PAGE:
UNICEF: 92% of babies in Yemen suffer from this at birth
Almost all babies in Yemen are born underweight, according to data on childhood nutrition released today by UNICEF. The figures of 92 per cent for children born in Yemen are a stark contrast to the worldwide figures of 29 per cent over the same period between 2010-2018.
According to the UN body, globally, one in three children under the age of five are undernourished or overweight.
“If children eat poorly, they live poorly,” said UNICEF Executive Director Henrietta Fore, adding: “We are losing ground in the fight for healthy diets.”
Despite a significant drop in stunting in poor countries, 149 million children are today still too short for their age, a clinical condition that impairs both brain and body development.
For Yemen’s pre-schoolers the figures for stunting are especially severe, with 46 per cent affected based on data collected between 2013-2018, compared with 22 per cent globally over the same period.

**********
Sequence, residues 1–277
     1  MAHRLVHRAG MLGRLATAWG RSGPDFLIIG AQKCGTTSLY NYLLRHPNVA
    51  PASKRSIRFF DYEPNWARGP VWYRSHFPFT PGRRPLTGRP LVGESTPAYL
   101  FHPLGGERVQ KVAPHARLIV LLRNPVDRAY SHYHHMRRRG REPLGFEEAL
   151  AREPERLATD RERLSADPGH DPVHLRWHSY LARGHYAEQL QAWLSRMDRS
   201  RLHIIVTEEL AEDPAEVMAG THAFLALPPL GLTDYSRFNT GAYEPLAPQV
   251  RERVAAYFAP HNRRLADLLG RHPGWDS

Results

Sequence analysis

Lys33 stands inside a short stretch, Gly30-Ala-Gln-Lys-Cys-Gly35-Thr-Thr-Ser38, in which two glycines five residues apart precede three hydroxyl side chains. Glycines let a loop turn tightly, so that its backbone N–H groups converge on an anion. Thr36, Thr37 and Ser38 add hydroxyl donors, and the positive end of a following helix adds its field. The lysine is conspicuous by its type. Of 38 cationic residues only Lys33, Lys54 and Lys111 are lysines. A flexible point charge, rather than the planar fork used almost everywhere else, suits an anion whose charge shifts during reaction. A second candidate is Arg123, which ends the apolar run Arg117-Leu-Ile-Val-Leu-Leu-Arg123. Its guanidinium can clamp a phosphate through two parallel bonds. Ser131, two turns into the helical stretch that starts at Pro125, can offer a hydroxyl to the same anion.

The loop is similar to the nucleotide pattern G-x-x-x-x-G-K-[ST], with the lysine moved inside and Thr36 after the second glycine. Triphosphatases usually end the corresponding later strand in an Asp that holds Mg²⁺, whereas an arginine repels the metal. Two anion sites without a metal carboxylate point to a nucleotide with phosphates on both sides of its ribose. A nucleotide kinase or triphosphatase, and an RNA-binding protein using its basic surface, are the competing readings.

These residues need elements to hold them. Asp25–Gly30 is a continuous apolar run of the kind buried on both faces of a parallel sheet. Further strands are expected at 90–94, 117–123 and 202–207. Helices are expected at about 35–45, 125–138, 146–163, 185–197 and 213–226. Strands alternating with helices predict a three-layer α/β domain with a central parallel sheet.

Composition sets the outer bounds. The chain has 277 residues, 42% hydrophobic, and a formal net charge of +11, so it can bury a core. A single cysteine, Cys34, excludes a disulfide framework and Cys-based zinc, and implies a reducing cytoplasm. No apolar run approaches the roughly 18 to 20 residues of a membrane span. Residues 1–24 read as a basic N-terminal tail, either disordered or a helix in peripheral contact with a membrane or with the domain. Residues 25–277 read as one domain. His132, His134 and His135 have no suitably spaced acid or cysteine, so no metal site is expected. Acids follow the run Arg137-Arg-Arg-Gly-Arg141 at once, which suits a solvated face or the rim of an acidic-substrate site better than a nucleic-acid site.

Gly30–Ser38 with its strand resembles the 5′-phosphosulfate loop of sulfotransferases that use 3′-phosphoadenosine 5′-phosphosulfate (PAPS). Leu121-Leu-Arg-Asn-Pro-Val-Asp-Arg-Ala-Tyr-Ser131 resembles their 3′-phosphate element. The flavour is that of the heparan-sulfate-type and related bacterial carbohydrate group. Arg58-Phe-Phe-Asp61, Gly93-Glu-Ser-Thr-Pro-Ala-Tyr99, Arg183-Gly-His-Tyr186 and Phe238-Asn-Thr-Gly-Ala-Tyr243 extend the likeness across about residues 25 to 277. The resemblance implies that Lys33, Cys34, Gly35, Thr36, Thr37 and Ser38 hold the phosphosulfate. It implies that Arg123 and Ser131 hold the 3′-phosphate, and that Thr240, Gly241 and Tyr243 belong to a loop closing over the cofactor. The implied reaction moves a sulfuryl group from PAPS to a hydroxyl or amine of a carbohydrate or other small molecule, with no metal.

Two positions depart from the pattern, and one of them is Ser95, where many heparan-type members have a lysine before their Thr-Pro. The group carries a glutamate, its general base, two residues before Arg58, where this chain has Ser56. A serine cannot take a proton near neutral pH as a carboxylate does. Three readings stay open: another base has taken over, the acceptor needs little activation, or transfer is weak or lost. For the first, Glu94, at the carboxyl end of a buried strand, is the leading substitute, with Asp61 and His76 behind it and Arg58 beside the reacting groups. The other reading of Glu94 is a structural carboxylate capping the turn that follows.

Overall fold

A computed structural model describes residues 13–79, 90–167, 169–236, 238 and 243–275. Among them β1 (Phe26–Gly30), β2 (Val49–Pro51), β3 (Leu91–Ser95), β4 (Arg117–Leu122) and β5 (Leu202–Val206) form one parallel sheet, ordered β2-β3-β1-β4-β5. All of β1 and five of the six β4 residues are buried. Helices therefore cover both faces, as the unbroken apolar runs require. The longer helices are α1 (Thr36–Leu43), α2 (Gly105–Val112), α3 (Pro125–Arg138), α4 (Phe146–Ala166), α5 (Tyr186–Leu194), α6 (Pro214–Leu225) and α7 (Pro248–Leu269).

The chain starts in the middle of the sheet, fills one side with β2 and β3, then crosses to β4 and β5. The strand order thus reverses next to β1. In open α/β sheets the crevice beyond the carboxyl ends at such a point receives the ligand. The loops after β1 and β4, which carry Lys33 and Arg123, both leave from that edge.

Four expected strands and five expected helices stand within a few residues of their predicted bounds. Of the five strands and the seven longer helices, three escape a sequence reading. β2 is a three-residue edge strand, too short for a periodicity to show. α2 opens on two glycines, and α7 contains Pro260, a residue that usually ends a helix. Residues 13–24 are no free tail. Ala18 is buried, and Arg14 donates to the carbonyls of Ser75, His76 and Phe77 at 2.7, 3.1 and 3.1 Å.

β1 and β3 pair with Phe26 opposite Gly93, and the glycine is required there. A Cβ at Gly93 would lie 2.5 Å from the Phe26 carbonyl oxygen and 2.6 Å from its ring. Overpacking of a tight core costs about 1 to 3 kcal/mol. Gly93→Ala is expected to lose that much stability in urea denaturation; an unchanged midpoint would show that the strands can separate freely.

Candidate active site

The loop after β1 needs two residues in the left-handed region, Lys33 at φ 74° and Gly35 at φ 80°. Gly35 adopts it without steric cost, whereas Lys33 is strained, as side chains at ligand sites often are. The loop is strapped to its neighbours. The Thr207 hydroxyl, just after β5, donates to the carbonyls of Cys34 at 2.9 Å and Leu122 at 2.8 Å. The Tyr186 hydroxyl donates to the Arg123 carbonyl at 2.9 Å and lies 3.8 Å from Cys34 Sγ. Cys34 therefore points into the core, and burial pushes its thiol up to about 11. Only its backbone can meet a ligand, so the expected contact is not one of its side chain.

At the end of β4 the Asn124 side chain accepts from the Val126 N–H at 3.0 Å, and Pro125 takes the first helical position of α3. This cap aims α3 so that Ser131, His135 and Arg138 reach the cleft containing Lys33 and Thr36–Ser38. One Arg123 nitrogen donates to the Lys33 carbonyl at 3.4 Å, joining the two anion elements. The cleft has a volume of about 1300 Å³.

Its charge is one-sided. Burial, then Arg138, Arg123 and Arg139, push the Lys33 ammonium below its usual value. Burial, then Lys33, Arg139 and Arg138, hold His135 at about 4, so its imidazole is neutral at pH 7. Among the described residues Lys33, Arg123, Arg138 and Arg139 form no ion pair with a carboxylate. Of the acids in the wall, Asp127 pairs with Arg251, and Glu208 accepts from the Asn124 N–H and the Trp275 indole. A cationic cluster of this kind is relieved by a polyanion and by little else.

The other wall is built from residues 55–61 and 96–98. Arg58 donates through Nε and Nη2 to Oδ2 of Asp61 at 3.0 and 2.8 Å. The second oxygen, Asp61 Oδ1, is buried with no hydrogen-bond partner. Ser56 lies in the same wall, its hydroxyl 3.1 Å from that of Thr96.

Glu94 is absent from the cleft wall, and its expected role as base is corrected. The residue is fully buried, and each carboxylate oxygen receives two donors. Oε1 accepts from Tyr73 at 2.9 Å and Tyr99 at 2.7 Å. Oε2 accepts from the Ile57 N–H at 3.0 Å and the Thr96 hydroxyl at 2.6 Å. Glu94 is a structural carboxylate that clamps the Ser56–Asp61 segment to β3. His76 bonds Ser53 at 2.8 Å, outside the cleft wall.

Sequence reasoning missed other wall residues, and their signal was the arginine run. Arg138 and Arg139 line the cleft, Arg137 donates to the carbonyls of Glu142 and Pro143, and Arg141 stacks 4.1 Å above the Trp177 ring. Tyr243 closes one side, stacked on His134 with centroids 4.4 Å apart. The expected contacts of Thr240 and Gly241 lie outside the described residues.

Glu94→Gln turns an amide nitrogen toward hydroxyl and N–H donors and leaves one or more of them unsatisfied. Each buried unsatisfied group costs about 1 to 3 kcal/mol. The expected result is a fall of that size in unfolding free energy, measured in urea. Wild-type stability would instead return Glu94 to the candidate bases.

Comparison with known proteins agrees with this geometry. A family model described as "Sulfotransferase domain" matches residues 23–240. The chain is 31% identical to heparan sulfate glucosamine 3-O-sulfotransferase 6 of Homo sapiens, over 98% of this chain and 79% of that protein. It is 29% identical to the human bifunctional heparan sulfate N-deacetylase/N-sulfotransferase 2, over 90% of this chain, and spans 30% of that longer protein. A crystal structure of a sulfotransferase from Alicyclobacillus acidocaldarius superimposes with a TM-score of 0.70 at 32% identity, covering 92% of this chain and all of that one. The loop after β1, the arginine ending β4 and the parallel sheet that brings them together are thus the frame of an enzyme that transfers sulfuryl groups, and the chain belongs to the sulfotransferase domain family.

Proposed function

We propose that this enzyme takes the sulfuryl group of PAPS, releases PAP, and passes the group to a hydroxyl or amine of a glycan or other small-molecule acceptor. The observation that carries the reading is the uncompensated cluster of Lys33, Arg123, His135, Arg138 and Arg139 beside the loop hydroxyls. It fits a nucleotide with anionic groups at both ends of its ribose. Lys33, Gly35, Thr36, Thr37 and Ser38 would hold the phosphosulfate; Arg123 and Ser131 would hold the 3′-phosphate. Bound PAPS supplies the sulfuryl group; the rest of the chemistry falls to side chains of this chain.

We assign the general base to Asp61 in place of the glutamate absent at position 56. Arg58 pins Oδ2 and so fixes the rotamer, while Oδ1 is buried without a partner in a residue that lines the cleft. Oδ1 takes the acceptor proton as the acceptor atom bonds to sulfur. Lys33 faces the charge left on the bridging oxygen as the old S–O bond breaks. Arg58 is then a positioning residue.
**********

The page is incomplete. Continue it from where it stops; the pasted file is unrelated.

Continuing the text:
In March 2015, the US -backed –Saudi-led coalition started a war against Yemen with the declared aim of crushing the Houthi Ansarullah movement, who had taken over from the staunch Riyadh ally and fugitive former president Abd Rabbuh Mansur Hadi, while also seeking to secure the Saudi border with its southern neighbor. Three years and over 600,000 dead and injured Yemeni people and prevented the patients from travelling abroad for treatment and blocked the entry of medicine into the war-torn country, the war has yielded little to that effect.
Despite the coalition claims that it is bombing the positions of the Ansarullah fighters, Saudi bombers are flattening residential areas and civilian infrastructures.
More than 2,200 others have died of cholera, and the crisis has triggered what the United Nations has described as the world’s worst humanitarian disaster.